01 02 03 Bike Darlington: Traffic Pinch Points - A Hazard To Cyclists 04 05 15 16 19 20 21 22 23 24 25 26 27 28 31 32 33

Traffic Pinch Points - A Hazard To Cyclists

Karl McCracken, our guest speaker for Friday night has a post on his blog about pinch points and the hazard they present to cyclists.

This struck home to me, because there are three pedestrian refuges that I pass in quick succession on my way home from work each day which have caused me more than a few worrying moments recently. Actually, it's not the pinch points that cause the problem, it's the average motorist's inability to judge speed and distance that causes the problem, and this inability is highlighted at these pinch points.

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The first isn't too bad, but there are often parked cars around making the approach trickier. This is also the point where cars "released" from the throughabout back down the road catch up with me, meaning a nice succession of cars to pass me.

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The second is a bit trickier, as it's on an odd bend just after the top of a slight rise in the road and before a descent. It is not wide enough for a car to get through at the same time as me yet I often have cars desperately trying to get by me here. I often ride down the following hill swearing and gesturing to the car (now) in front of me.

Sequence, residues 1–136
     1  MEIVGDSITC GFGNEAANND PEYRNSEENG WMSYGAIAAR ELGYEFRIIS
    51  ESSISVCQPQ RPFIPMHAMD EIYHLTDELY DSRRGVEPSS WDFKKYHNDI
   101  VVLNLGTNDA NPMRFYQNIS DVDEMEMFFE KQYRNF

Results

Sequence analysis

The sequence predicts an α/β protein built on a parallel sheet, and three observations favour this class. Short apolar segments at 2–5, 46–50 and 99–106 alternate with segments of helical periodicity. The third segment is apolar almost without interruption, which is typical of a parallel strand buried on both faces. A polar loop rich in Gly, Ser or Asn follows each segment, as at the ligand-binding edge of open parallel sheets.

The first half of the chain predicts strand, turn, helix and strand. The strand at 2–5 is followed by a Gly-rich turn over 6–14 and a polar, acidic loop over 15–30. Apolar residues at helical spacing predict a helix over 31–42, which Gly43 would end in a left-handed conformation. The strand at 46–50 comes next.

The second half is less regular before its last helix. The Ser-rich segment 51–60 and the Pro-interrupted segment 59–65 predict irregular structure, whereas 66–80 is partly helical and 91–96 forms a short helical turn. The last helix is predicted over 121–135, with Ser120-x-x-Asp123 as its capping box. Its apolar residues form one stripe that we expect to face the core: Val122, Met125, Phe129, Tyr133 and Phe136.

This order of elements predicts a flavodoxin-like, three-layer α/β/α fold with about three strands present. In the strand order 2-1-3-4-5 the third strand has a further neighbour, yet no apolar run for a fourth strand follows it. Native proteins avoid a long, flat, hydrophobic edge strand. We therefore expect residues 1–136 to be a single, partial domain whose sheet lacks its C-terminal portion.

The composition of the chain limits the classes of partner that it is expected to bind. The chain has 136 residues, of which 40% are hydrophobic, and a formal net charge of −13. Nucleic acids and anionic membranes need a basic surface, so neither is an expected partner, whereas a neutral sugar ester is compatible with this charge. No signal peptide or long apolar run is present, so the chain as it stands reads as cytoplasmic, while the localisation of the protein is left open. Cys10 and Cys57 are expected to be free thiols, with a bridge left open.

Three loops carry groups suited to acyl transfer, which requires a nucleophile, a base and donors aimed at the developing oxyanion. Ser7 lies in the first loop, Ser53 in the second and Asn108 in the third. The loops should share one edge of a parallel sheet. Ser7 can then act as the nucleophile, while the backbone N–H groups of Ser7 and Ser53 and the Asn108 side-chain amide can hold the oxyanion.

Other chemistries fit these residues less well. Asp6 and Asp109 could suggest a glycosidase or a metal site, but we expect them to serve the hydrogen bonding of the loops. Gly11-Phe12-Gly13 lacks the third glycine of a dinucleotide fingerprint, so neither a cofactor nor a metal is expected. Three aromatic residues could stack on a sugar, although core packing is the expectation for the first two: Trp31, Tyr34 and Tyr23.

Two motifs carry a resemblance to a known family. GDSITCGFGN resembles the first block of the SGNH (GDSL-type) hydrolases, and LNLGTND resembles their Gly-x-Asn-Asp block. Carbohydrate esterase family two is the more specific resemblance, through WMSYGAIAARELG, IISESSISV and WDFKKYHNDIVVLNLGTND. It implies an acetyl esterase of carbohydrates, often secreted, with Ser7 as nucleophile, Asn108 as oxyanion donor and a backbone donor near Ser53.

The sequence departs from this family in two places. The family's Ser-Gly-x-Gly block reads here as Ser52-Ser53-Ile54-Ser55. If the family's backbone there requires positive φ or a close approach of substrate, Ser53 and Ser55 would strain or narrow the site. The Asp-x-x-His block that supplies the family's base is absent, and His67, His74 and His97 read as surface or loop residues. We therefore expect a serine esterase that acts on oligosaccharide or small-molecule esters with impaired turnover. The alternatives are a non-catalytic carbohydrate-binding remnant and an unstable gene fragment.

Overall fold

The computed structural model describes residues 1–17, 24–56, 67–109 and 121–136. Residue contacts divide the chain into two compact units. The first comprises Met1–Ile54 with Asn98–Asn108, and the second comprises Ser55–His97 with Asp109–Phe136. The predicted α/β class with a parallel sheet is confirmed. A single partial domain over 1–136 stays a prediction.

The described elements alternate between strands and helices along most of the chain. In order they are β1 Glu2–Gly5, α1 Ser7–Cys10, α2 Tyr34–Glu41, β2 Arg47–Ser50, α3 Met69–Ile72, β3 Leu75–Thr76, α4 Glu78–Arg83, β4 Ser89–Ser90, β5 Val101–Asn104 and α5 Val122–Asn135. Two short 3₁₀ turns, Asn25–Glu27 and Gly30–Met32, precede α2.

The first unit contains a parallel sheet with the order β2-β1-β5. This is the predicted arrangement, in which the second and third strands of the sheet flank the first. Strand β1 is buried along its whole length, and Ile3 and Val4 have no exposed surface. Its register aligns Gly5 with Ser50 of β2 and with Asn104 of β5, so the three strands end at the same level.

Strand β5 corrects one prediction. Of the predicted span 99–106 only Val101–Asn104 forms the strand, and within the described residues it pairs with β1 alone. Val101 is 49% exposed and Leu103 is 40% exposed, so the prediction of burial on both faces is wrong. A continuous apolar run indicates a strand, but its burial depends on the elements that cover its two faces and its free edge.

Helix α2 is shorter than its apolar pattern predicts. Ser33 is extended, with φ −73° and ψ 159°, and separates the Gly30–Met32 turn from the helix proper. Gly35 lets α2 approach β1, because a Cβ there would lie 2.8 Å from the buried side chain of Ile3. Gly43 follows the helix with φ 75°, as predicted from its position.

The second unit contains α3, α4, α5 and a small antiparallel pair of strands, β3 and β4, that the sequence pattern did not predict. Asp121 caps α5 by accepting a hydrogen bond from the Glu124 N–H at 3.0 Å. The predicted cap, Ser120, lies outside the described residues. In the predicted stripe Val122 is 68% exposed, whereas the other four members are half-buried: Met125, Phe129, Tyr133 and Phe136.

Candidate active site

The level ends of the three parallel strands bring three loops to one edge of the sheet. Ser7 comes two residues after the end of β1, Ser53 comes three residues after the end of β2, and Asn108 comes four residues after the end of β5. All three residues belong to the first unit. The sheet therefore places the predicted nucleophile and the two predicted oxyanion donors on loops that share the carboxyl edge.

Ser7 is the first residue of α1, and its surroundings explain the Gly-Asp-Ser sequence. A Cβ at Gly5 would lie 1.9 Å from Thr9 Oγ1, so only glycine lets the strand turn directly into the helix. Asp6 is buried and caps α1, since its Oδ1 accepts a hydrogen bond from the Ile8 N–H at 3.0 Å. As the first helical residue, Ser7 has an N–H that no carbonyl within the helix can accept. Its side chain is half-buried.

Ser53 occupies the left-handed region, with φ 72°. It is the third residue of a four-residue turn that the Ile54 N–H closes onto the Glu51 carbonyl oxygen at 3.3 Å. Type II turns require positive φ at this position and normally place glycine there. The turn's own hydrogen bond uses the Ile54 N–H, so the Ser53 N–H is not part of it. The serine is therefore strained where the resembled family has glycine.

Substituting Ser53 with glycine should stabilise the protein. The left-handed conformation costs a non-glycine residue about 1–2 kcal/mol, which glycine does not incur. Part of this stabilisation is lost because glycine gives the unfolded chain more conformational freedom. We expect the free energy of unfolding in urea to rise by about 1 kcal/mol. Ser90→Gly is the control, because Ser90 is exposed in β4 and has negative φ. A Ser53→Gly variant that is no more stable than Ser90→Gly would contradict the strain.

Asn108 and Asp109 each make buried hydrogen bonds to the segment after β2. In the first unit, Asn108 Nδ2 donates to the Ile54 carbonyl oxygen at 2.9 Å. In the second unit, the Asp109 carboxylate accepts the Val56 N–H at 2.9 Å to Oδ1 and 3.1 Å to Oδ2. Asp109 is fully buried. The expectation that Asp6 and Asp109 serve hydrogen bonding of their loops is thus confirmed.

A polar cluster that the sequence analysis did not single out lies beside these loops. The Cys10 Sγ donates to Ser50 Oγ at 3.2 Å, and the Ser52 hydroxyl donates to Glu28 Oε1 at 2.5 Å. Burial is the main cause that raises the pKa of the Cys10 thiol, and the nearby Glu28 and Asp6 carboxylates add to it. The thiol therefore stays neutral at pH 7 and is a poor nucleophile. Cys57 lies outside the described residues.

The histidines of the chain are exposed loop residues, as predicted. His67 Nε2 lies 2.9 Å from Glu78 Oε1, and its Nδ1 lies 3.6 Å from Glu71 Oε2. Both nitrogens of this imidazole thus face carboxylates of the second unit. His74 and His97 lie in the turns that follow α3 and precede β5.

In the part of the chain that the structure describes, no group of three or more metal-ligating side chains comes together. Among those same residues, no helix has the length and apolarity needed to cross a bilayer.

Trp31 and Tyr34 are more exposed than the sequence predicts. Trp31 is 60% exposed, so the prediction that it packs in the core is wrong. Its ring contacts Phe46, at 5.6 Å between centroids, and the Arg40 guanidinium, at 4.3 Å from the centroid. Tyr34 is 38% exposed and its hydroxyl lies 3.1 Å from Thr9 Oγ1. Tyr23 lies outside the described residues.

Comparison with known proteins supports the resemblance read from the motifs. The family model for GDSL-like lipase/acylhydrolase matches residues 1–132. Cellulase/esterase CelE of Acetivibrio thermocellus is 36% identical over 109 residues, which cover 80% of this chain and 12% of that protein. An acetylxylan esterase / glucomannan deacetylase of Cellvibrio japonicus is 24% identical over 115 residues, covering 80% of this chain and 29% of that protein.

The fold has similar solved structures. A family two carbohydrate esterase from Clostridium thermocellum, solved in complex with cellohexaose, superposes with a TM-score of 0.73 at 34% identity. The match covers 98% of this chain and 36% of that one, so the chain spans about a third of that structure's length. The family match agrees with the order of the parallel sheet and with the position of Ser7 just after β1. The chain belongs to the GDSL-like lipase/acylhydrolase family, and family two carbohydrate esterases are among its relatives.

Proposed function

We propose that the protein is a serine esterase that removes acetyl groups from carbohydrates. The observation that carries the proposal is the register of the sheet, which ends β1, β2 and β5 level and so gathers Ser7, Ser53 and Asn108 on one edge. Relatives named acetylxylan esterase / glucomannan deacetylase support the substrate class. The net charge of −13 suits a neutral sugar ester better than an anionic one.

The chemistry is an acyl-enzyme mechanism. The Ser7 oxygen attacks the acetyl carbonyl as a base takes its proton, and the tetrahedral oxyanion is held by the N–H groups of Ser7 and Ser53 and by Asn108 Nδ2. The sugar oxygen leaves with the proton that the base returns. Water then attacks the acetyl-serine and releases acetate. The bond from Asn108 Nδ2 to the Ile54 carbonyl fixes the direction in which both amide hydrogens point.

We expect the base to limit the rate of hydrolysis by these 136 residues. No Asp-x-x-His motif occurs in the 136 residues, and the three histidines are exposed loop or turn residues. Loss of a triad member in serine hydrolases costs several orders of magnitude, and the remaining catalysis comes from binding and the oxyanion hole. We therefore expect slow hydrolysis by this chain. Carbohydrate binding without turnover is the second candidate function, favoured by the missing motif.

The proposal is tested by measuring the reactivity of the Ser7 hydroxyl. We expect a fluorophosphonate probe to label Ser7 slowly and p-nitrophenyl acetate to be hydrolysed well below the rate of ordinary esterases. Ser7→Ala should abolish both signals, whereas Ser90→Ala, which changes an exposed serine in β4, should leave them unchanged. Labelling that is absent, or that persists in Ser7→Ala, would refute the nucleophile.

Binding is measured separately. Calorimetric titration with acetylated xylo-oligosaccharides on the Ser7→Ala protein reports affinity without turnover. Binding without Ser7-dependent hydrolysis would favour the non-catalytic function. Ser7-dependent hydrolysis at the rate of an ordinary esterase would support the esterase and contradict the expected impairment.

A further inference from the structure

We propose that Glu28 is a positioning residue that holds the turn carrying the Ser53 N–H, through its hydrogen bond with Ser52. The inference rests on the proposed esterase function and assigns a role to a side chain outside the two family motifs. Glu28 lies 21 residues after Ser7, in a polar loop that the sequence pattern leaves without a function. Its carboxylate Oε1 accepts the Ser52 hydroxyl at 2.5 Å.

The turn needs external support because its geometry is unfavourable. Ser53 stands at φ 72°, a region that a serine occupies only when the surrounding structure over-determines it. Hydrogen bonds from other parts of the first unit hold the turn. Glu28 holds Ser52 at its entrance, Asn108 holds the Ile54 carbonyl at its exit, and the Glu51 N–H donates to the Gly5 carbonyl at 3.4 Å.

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Then, still swearing, I meet pinch point number three where another car races past.

There's another one just after this, but I turn off here (squeezing past the car-for-sale parked half blocking the pavement, but that's a separate rant).

I'm going to be taking Karl's advice for dealing with these from now on:

I’m trying a modified technique:
I. Will. Own. That. Road. (Girlfriend).
Never mind this looking over the shoulder and pulling across if it’s safe - my moves will be accompanied by the full arm-out hand signal, and I will be riding through these kill zones at about 50-60% of the distance from the road’s edge. I will be doing this on every single one, and only IF when I get into one, I find that it’s ridiculously wide, will I then pull across to let cars pass safely.
It’s time to reclaim the streets

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